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An Islamic Pope?

I am a huge fan of the current Pope, Pope Francis. He seems to be a reasonable guy with epic critical thinking skills, a flare for logic, and an understanding of the issues of our times. I like that in a religious figure.

But what Pope Francis has that many people who are logical and critical thinkers usually lack is humility. That is something to be greatly admired and imitated.

I have never heard of or witnessed such a great man take the Papal office in my short lifetime. Growing up Catholic, I was taught that the Pope had a direct line to God and could make changes to the Catholic doctrine because he is infallible. I never believed this, not even as a five-year-old in a Catholic school.

Learning, as I got older, about the corruption of the Popes throughout history brought me to the conclusion that the office of Pope holds too much power. As the saying goes: “Power tends to corrupt and absolute power corrupts absolutely”.

And this absolute power through the doctrine of infallibility is what the Papal office has afforded. While I, as a Muslim, do not believe people are in need of a Pope, I must say that Pope Francis has somewhat restored my hope for people with authority to do what is right. However, I recognize he is still human- a description that is synonymous with fallibility.

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Just to make sure I was not misremembering my Catholic education, I submitted a quick question to Sheikh Google about infallibility, the infallibility doctrine, and what it means. Sheikh Google succinctly informed me that the word “infallible” itself literally means “the inability to be wrong” and that “in the Roman Catholic Church the doctrine that in specified circumstances the Pope is incapable of error in pronouncing dogma”.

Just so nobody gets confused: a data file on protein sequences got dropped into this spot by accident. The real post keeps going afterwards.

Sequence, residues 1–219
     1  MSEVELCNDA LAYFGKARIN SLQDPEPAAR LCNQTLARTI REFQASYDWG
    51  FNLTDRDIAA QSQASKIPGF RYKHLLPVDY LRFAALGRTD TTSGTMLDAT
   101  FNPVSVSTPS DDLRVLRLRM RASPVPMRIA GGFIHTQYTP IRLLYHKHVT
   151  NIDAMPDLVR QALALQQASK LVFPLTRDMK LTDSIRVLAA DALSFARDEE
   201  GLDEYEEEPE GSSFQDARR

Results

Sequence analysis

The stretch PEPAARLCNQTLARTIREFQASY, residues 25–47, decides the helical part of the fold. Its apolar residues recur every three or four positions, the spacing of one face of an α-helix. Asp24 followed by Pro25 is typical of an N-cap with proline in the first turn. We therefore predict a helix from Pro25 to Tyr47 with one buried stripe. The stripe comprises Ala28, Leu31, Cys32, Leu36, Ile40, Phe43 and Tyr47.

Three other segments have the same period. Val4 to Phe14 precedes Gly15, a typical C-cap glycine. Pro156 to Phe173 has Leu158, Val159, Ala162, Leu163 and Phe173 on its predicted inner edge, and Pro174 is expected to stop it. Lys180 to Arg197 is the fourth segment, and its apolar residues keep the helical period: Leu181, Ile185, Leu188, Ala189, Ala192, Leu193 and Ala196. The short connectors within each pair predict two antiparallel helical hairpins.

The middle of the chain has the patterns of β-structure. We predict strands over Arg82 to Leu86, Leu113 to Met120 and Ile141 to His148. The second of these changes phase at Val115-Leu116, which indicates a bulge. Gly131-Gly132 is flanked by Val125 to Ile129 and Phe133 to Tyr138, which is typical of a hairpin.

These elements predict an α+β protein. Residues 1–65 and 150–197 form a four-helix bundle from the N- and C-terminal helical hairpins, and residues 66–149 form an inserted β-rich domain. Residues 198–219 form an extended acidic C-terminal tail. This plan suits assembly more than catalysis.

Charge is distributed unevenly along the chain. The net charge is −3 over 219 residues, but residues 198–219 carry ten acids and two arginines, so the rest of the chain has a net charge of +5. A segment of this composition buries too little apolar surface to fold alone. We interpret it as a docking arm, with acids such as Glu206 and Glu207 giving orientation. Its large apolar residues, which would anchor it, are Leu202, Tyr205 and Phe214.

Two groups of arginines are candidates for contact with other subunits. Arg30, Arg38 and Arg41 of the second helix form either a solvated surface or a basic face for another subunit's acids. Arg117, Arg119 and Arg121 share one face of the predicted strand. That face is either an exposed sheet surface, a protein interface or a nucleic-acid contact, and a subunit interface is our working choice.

So, what does this matter to me as a person who is no longer Catholic? It doesn’t matter. I don’t believe in it, and that is my right as a human being with free will and the God given freedom of religion.

That free will and freedom of religion also applies to Catholics who are free to believe in this doctrine as they see fit. And I will not insult anyone for their beliefs unless someone believes that pizza is not the best ever. Those people are just wrong and need to be told.

So, why am I even talking about this topic then, if it doesn’t matter? Because every now and then, it is useful to understand religions in a comparative light.

The Pope, in Roman Catholicism, is the head of the Church. He is the voice of the church. He says what stays and goes in Catholic doctrine and no one is allowed to question him. So, how does this compare to Islam?

In Islam, there is no such figure who is considered infallible if that means someone who is incapable of making a mistake. This statement might even put some Muslims up in arms because they perceive the prophets as infallible. But this goes too far even in Islamic thought. God alone without partner is the only infallible being. Humans are fallible. This is a core tenet of Islam.

We know for a fact that the Prophets were fallible because we know they were human beings and not gods themselves. We see within our own religious tradition that God calls out Prophet Muhammad (PBUH) on his mistakes in Quran.

There is an entire chapter in the Quran (chapter 80) that is named after such an instance where the Prophet made a mistake. The chapter is entitled “‘Abasa” meaning “He frowned”. This is discussing an instance when the Prophet Muhammad frowned and turned away from a blind man asking about God and Islam, instead trying to discuss faith with men who thought there were in no need of their own Creator.